Playing with morality has long been a part of the video game industry. Ethics and morality, for instance, are central to the narratives and game mechanics of Richard Garriott’s Ultima (1981 – Present), Roberta Williams’ King’s Quest (1983 – Present), and Brian Fargo’s Wasteland (1988 – Present). They were, however, exceptions to the rule as the vast majority of games released throughout the 80s’ and 90’s took an act first, think later approach to game design. So though morality play has long been a part of the industry, ethics and morality do not take a more prominent position until what can be considered the industry’s ethical renaissance with the release of games such as: The Elder Scrolls III: Morrowind (2002), Fable (2004), Mass Effect (2007), Fallout 3 (2008), BioShock (2009), Dragon Age: Origins (2009), and Infamous (2009).
Though ethics have become a more central narrative and gameplay thematic for the industry, far too many franchises—such as Infamous, The Elder Scrolls, and Fallout—treat ethics in mechanical terms: affecting quest availability, character interactions, skill access, and sometimes ending. This effort to operationalize ethics ironically reduces the ethical weight of these choices to a cause and effect logic, wherein one’s ethical behavior is guided by the desired effect: if I want this quest, companion, skillset, or ending, then I ought to behave “ethically” or “unethically.” In essence, the effort to operationalize morality reduces ethics to crude economics.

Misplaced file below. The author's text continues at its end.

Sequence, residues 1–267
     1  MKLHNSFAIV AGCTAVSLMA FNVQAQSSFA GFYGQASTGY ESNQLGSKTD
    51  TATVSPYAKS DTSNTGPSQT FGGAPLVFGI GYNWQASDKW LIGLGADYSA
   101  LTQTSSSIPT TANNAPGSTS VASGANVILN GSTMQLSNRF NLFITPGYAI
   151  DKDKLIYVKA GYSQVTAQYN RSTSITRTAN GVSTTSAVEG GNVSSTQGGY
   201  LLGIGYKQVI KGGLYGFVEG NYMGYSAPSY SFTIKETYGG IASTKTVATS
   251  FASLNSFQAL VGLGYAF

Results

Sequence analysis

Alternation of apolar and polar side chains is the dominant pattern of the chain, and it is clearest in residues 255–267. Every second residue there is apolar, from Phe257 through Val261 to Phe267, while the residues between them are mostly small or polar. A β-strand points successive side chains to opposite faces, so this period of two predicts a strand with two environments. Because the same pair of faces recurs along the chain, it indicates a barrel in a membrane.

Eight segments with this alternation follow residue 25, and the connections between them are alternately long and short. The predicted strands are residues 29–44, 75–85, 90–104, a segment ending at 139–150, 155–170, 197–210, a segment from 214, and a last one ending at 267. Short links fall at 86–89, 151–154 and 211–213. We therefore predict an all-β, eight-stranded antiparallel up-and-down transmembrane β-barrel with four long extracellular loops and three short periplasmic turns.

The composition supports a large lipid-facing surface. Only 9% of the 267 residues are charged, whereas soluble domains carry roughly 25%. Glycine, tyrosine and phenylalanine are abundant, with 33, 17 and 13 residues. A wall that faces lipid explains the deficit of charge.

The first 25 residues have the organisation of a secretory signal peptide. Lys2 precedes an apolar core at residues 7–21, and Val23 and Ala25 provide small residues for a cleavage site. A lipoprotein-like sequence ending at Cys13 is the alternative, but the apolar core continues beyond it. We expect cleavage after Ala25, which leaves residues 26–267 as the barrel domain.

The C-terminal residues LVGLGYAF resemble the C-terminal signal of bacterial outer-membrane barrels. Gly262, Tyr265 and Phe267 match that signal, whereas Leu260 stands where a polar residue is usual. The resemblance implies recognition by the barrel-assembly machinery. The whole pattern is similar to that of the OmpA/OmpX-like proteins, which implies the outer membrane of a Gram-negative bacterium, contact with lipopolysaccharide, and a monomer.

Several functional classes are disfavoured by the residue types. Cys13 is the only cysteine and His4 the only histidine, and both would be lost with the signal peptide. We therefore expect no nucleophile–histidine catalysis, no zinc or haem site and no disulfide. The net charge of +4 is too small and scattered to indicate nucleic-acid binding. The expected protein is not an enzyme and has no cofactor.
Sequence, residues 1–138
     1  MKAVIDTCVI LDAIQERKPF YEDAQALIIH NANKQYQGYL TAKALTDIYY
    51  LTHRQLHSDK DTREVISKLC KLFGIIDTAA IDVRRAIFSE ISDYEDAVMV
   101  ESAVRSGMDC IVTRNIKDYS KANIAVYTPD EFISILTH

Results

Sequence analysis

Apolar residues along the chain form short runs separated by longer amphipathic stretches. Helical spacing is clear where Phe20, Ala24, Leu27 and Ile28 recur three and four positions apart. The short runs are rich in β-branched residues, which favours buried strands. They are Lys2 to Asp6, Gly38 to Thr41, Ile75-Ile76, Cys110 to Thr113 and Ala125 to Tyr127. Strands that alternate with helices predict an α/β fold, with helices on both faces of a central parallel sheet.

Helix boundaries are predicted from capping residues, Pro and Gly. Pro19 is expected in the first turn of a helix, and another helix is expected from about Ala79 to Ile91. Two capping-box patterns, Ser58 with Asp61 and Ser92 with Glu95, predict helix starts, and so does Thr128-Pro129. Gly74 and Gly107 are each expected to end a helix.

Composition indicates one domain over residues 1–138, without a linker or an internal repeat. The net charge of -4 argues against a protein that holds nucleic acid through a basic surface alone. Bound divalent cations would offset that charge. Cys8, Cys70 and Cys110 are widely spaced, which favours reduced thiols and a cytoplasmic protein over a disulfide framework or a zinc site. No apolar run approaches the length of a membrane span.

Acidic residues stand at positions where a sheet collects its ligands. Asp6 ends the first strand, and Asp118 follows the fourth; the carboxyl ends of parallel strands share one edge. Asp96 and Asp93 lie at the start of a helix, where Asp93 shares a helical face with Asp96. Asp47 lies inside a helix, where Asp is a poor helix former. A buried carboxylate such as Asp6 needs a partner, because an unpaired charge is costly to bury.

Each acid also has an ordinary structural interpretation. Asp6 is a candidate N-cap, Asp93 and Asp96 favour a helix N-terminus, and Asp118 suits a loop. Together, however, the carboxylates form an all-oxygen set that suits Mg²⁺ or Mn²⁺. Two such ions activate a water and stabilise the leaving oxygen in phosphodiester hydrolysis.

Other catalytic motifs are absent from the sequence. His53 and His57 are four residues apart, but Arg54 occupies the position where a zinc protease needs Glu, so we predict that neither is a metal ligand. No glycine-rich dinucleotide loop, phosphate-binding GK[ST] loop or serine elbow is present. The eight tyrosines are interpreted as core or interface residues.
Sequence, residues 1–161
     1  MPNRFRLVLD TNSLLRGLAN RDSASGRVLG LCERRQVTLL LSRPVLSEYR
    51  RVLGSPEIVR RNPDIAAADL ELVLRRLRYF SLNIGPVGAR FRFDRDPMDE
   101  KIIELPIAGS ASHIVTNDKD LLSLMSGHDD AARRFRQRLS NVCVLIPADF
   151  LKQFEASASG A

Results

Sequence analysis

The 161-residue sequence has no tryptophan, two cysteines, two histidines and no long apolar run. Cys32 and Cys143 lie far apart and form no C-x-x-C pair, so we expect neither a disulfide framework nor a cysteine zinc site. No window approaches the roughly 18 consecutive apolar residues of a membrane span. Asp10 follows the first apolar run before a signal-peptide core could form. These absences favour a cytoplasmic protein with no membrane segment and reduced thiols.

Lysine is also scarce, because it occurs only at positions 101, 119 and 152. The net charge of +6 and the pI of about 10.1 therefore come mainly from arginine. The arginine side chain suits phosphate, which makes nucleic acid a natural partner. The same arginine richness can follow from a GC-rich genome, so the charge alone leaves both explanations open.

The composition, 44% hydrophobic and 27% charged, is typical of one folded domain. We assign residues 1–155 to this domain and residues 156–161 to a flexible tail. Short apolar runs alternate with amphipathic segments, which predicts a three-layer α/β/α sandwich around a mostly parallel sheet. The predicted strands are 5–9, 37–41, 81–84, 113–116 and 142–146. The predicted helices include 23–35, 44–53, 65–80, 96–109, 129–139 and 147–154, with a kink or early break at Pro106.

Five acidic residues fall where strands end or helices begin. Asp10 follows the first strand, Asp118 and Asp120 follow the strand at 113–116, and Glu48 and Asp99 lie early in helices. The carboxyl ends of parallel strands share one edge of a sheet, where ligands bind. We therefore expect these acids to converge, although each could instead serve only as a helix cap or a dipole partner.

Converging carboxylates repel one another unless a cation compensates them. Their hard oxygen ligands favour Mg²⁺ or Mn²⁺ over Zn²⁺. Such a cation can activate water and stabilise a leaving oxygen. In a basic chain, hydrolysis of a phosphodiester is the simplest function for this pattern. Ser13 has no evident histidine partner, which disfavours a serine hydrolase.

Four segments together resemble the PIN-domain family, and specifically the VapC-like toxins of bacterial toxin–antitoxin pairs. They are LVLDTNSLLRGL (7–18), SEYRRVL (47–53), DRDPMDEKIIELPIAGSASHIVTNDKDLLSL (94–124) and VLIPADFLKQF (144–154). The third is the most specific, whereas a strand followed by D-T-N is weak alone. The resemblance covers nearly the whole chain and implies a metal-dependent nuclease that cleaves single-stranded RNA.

Ethics, however, is not merely about choice but also, as the late French Philosopher Henri Bergson argued, about reflection and emotional obligation (or "impetus of love"). Not the mere obligation to do the “right” thing but also reflection about what constitutes the nature of the “right” choice and the emotional obligation to follow through with the weight of that choice. There are, fortunately, games that take up this ethics of reflection and emotional obligation. Shadow of the Colossus (2005) and The Walking Dead: Season One (2012) are two such examples. In games like these, the ethical emphasis is not on choice (though it may exist as in The Walking Dead) but rather playing in such a way that one could not imagine playing otherwise; knowing that even if you were to have to pay a heavy price for that choice, it would not matter.